With the aim of supporting architects to become active agents of sustainable design, this week we present a selection of facades that incorporate different recycled materials. Beyond the typical uses of plastic and glass, in this article, you will find innovative materials such as mattress springs, ice cream containers, plastic chairs, and recycled waste from agricultural and industrial products. A look at 21 remarkable projects using recycled materials to create an attractive facade.
The 14th Annual San Francisco Design Week (SFDW) is returning this year as a virtual design festival. The all-online program kicks off June 15-25 with the theme “Intentional Distortions." Over 150 participating Bay Area and West Coast design firms are joining the event with original ideas and creative solutions to help businesses survive in a post-pandemic world.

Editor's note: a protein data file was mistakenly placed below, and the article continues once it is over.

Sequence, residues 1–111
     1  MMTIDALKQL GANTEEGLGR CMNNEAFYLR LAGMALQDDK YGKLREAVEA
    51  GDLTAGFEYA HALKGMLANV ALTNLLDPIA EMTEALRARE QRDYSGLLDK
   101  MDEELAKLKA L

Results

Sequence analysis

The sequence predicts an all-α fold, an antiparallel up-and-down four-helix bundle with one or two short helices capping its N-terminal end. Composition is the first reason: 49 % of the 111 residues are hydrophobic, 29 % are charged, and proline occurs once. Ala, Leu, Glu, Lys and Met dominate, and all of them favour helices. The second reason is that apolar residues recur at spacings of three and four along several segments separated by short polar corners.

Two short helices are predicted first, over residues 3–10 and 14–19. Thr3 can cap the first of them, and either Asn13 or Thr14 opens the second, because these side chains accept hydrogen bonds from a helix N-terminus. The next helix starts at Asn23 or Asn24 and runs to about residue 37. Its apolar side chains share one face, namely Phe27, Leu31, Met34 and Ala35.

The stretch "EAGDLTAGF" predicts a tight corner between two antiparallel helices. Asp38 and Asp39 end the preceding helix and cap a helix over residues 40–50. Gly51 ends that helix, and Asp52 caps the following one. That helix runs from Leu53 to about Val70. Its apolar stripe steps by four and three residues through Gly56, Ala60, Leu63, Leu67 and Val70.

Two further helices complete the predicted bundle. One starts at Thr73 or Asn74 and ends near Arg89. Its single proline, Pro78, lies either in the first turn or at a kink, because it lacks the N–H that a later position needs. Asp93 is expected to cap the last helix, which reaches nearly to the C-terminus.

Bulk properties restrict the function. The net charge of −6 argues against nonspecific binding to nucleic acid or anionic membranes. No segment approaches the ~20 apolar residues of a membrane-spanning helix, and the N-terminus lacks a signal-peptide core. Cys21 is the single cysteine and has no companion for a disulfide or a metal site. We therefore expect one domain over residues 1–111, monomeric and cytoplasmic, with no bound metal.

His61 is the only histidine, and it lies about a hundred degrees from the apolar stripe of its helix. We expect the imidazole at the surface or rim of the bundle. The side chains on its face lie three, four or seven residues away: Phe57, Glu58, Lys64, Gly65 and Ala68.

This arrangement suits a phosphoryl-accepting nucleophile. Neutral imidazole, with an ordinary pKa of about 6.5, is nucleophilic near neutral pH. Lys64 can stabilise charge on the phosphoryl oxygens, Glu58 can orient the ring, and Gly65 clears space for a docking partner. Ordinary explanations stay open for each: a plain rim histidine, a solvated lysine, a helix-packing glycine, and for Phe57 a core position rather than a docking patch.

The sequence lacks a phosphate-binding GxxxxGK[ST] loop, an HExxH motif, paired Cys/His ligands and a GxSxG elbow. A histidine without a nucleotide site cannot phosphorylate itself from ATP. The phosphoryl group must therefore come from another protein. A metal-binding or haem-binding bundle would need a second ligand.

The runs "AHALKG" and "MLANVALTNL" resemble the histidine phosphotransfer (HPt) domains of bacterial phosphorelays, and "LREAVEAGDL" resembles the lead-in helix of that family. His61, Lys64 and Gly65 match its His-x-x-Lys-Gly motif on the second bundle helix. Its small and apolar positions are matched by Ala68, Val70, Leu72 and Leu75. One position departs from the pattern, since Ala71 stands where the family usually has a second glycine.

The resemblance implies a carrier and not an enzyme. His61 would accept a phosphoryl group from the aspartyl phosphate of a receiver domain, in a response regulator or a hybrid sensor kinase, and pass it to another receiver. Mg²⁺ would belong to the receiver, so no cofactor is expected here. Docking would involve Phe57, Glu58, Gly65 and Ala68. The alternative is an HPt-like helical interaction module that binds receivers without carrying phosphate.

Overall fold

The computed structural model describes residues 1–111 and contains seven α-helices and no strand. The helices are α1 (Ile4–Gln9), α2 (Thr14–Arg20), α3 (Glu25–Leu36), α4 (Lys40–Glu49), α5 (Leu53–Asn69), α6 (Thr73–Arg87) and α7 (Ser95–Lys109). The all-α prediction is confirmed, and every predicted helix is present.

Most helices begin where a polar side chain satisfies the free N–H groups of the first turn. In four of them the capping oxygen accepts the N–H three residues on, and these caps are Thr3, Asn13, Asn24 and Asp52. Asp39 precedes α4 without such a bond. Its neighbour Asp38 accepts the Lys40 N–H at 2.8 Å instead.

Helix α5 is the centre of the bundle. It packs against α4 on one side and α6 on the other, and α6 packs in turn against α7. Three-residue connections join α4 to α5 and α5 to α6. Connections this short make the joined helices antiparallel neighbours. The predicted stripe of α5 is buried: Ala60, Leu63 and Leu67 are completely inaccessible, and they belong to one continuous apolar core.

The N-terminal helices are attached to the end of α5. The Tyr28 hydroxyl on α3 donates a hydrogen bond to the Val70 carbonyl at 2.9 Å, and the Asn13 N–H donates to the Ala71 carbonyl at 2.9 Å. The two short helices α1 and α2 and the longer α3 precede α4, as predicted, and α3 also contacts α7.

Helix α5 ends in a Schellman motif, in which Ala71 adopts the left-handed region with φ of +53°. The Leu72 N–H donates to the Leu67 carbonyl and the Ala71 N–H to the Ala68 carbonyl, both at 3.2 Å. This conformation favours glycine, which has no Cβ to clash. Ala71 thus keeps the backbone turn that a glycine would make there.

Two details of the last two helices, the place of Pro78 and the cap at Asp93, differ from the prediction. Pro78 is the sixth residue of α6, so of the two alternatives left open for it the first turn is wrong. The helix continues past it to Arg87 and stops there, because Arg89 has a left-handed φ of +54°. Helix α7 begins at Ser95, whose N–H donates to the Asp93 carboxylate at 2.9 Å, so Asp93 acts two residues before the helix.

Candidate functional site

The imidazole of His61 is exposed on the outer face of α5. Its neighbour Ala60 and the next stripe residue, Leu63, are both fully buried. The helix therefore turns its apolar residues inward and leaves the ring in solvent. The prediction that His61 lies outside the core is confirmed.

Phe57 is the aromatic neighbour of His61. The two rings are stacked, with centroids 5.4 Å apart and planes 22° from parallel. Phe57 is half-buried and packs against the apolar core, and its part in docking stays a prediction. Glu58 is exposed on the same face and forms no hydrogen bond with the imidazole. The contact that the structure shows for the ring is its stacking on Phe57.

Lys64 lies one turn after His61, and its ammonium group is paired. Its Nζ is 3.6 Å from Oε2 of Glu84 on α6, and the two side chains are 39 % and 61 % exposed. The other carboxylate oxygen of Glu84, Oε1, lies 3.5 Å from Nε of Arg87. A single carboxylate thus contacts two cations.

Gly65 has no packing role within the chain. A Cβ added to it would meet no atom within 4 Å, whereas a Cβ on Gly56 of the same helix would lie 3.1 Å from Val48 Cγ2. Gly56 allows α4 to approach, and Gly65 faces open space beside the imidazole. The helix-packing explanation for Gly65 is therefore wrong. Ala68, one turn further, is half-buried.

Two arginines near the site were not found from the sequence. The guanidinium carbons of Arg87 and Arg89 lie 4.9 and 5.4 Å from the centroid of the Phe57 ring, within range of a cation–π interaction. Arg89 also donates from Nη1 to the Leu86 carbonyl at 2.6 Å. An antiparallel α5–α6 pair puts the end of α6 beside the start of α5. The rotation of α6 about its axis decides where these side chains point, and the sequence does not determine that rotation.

Located in the western region of the United States, the state of California is the most populous state and the third-largest — it includes some of the most populated cities of the country such as Los Angeles, San Diego, San Francisco, Long Beach and Oakland.
This article was originally published on Metropolis Magazine as "Architecture You Can Smell? A Brief History of Multisensory Design."
What comes to mind when you encounter the term “sensory design”? Chances are it is an image: a rain room, a funky eating utensil, a conspicuously textured chair. But the way things actually feel, smell, even taste, is much harder to capture. This difficulty points to how deeply ingrained the tyranny of vision is. Might the other senses be the keys to unlocking broader empirical truths? Does the ocular-centric bias of art, architecture, and design actually preclude a deeper collective experience?